What is a healthy diet?
You are the only person who can decide what diet is best for you – in conjunction with your doctor and dietitian. When diet means ‘the totality of what and how you eat over the course of several years’, and not ‘fads that cause dramatic weight loss over a short period of time’, deciding to adopt a healthy, balanced diet is the best decision.
A healthy diet, broadly, means one which includes a variety of foods from all food groups, is low in substances which are detrimental to health, maintains healthy weight, does not exclude any foods for anything other than medical reasons, is sufficient in micro nutrients, and fits with your lifestyle and budget.
A variety of foods from all food groups
Food groups form the basic structure of any diet and inclusion of each food group ensures a balanced diet. The food groups are:
- Dairy and dairy products.
- Cereal and cereal products, including beans, legumes, and starches. Also known as carbohydrates.
- Meat and meat products, or proteins that include plant proteins like soy.
- Fats and oils.
- Vegetables as distinct from fruit.
Low in substances detrimental to health
In addition to including foods from each food group every day, it’s important to ensure that you choose the healthiest possible foods from each group.
- Dairy: choose fat free over full fat.
- Carbohydrates: choose wholegrain and starchy vegetables over refined carbohydrates like white bread.
- Protein: Choose lean protein sources like filleted chicken and fish and plant protein over meat high in saturated fat like beef and lamb.
- Fats and oils: Choose unsaturated fats like olive oil over saturated and trans fats like butter.
Maintains healthy weight
In addition to eating the healthiest foods from each food group every day, these healthy foods should also be eaten in the correct proportions as some have more kilojoules – energy – than others, and overeating these can cause weight gain.
- Dairy: Dairy is a very diverse food group, encompassing milk, yoghurt, cheese, ice cream, and others. As a rule, the more fat in the dairy product, the less of it in a portion. For instance, a glass of fat free milk can be considered a portion, but a portion of cheese is equivalent in size to 3 die.
- Fruit: Generally, a portion size of fruit is half a cup, though many fruits, like bananas and paw paws, come in sizes much larger than this. Two or three portions of fruit a day is what you should aim for.
- Carbohydrates: Your wholegrain carbohydrates, including starches, should constitute 25% of your plate at meals.
- Protein: Lean protein should also cover only 25% of your plate at meals.
- Fats and oils: These are full of energy, and should be used sparingly. You should aim for no more than 2 tablespoons of fats and oils daily.
- Vegetables: Fill half of your plate with vegetables. Be aware that potato, sweet potato, pumpkin, and butternut are starchy vegetables and form part of the carbohydrate group.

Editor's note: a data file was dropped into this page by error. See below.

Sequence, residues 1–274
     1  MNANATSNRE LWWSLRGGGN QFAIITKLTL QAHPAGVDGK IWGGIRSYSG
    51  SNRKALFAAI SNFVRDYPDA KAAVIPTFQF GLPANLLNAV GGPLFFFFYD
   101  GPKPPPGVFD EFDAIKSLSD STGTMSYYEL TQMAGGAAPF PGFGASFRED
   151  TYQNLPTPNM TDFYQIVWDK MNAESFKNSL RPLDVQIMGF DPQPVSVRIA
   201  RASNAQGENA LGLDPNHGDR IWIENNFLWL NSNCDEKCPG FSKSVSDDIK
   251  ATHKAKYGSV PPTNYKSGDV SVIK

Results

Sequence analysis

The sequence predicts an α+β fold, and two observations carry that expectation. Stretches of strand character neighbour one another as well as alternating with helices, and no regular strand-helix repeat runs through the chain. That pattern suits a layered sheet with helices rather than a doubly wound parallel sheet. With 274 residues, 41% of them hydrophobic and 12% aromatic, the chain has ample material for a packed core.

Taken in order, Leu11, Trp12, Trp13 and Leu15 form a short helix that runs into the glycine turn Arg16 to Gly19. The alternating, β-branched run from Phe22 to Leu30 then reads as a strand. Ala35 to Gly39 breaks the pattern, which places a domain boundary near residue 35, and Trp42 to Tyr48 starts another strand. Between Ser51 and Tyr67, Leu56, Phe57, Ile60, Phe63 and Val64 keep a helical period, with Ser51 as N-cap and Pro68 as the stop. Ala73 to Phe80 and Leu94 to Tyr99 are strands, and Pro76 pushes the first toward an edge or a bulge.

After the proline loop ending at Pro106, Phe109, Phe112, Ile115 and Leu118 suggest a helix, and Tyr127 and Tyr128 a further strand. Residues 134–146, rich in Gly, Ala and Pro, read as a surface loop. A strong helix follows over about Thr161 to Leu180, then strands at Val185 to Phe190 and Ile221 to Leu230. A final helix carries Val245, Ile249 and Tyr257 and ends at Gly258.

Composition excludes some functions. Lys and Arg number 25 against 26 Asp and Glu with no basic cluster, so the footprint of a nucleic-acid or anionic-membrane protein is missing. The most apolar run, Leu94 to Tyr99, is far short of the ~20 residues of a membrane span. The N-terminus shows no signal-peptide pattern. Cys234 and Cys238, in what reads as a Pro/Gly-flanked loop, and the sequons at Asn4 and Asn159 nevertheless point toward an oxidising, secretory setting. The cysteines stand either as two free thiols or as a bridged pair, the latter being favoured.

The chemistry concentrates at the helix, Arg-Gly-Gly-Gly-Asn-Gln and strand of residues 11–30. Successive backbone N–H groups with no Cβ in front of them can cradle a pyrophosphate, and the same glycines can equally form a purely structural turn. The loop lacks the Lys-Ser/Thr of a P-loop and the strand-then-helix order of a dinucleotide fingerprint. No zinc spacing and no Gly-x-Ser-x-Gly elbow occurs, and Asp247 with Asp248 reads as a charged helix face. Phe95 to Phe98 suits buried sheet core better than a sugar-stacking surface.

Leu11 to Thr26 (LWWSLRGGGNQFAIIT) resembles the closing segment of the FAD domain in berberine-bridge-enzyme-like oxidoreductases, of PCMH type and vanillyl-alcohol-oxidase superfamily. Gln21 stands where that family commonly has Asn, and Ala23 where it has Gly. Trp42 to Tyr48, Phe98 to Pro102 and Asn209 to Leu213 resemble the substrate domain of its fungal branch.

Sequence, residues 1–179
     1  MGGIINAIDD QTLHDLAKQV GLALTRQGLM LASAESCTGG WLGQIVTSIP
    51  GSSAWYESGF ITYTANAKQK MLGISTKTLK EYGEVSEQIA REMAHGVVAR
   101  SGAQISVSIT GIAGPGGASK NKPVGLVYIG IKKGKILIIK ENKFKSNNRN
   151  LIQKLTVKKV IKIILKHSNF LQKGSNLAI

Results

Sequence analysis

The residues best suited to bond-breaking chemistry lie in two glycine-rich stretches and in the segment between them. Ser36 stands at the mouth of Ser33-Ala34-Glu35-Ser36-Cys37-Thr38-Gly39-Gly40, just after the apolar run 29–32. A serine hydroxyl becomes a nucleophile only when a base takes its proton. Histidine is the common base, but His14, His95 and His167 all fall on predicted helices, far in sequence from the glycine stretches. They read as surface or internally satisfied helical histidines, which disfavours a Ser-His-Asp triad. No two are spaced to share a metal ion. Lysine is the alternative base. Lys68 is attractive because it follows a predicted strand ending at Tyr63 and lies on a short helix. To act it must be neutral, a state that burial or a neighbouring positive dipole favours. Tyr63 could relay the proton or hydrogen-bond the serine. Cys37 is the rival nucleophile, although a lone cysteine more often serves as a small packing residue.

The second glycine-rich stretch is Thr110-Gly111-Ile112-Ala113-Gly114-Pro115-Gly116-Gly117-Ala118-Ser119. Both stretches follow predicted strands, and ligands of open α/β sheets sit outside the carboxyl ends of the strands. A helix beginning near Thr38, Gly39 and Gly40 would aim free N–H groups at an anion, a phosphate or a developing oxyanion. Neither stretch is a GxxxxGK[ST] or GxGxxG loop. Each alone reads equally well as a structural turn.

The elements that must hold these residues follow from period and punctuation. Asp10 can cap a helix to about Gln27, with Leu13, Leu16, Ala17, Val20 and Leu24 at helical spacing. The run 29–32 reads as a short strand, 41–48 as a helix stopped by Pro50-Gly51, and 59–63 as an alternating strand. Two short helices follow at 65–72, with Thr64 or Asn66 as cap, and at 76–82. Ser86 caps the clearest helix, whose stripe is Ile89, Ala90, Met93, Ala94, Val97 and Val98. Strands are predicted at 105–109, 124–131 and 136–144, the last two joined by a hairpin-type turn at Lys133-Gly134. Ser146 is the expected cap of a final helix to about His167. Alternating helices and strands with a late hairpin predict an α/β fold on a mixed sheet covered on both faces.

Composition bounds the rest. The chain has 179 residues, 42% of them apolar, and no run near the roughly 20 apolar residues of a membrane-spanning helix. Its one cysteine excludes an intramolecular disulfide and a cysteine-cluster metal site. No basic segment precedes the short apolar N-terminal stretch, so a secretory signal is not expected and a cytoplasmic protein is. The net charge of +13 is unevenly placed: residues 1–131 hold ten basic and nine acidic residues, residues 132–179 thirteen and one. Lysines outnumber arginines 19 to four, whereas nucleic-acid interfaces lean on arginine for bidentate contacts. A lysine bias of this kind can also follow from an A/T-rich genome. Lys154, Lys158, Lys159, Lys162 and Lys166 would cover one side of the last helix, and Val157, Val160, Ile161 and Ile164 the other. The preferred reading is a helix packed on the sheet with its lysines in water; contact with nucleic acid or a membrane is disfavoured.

- Water: While there is some debate about exactly how much water the average person should drink, the guidelines to drink around 8 cups still stands. Water can include any unsweetened, decaffeinated beverage.
Does not exclude foods for anything other medical reasons
A healthy diet is a balanced diet that includes all the major food groups and does not exclude any food, be it dairy, carbohydrates, fat, or any other because this excludes important nutrients from the diet. Diets that do exclude any food or food group are fad diets and are unhealthy. The only reason to exclude a food is because of an intolerance or allergy diagnosed by your doctor. For instance, people who are diagnosed lactose intolerant should not eat dairy; people with coeliac disease should avoid gluten.
Sufficient in micro nutrients
Vitamins and minerals are important in the diet because they help your body perform essential functions. Certain vitamins and minerals for instance, ensure that your nerves function correctly. A healthy, balanced diet as described above should contain enough vitamins and minerals to keep you healthy without having to supplement your diet with pills – unless otherwise prescribed or recommended by your doctor or dietitian.
Fits with your lifestyle and budget
An important aspect of diet is that it should work for you in order that you can stick to it. For instance, an athlete who is spending a lot of time training is burning a lot of energy that needs to be replaced in order to function optimally. In addition, your diet should be in line with your budget. For instance, eating fish in an important part of a balanced diet, but you don’t have to eat salmon; pilchards offer the same benefits and are much cheaper.
A healthy diet does not have to be expensive, boring, or bland. Find your own way to follow the healthy diet guidelines without compromising your health, happiness, or budget.